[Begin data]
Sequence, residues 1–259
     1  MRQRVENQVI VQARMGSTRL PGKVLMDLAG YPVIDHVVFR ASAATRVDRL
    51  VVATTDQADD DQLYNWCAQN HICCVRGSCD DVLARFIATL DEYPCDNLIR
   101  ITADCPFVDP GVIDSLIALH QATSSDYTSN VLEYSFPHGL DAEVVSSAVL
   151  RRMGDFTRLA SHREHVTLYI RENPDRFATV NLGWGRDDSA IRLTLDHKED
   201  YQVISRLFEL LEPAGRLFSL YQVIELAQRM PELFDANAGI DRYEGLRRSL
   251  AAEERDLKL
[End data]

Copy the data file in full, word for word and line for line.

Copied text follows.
Sequence, residues 1–259
     1  MRQRVENQVI VQARMGSTRL PGKVLMDLAG YPVIDHVVFR ASAATRVDRL
    51  VVATTDQADD DQLYNWCAQN HICCVRGSCD DVLARFIATL DEYPCDNLIR
   101  ITADCPFVDP GVIDSLIALH QATSSDYTSN VLEYSFPHGL DAEVVSSAVL
   151  RRMGDFTRLA SHREHVTLYI RENPDRFATV NLGWGRDDSA IRLTLDHKED
   201  YQVISRLFEL LEPAGRLFSL YQVIELAQRM PELFDANAGI DRYEGLRRSL
   251  AAEERDLKL